Otto Graham only played pro football for ten seasons, and then he retired, still on top. If he’d played only a couple of more years, he’d almost certainly be at the top of this list, and when you put everything together about this remarkable player’s career, if you remember my words about this ranking being only good enough to give us a rough estimate of where a QB should fall in the conversation, it’s my opinion that Otto Graham is the greatest quarterback ever to play the game.

But here, he’s only third. Second is Slingin’ Sammy Baugh, who was the first truly exceptional quarterback in the NFL. He was a perennially highly-rated passer, and he won NFL championships as well. What would Sammy Baugh do against today’s defenses? Who knows? It’s impossible to make those kind of assessments; all we can ask is, how far above the competition of his day was Sammy Baugh? And the answer is that, statistically, he is only topped by the greatest quarterback of all-time (statistically):

Joe Montana. The whole package. The stats, the championships, cool under pressure, the legend. A genius on the football field. Joe played the game with class and panache, with style and substance, with nerve and verve. The consummate professional. Joe Montana is the man.

Coming soon: let me do the work on MVP Awards and Pro Bowl teams elected to, and I’ll get back to you with the adjusted rankings.

3 responses »

  1. Chris says:

    You commented to me a couple of days ago that you’re surprised that there’s not more discussion on this subject. I think that’s because you’ve given clearly defined guidelines of how the rankings work. There’s really no “arguing” that can be done. In my heart, Kenny Stabler will always be the greatest of all-time. In my mind, this survey makes sense. I’d bet it’s the same way for everyone else who reads it.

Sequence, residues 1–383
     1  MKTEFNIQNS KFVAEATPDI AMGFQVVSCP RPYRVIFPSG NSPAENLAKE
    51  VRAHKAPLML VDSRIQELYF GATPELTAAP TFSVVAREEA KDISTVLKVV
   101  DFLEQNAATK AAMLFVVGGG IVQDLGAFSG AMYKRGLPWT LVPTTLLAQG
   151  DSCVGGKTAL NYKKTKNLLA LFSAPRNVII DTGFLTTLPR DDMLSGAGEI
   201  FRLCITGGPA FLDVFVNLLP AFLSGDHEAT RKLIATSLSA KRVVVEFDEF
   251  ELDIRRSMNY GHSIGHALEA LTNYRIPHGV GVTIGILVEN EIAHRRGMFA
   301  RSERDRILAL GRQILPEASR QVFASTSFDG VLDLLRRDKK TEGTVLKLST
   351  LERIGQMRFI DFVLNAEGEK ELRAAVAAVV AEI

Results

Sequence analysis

2. Byron says:

    Am I crazy? No, I’m just objective, which you obviously aren’t. Do you have any idea who Otto Graham is? Or Sammy Baugh? Have you studied up on either of them? I wouldn’t have ranked them that highly either, and then I ran the numbers. The numbers are pretty clear, if the criterion is, “how did a QB rank in his era”? And that’s really the only way we can rank them.

    Did you even read my post? Otto Graham ranks higher in passer rating than Favre; 70 spots higher than any other QB from his generation, whereas Favre is only 15th among active QBs. Otto Graham won 7 championships (counting AAFC; “only” 3 in the NFL), whereas Favre won one. Favre made it to one other NFL championship game; Graham made it to two others.

    Elway, a personal favorite of mine, doesn’t measure up either. And really, the only way you can come up with the list you do is to pretend that the NFL didn’t exist before 1960, or that anybody who played back then is simply inferior to today’s QBs.

  3. John Everett says:

    Are you crazy? I have a couple problems with your list.
    otto graham and Sammy Baugh? who are they? Oh, that otto graham and sammy baugh. they were good, but definetely not better than elway, starr, unitas, bradshaw, or Favre.
    Montana should be 1
    Elway Should be 2
    Favre should be 3
    Unitas 5
    Marino 6
    Bradshaw 7
    Dawson 8
    Tarkenton 9
    Steve young at 10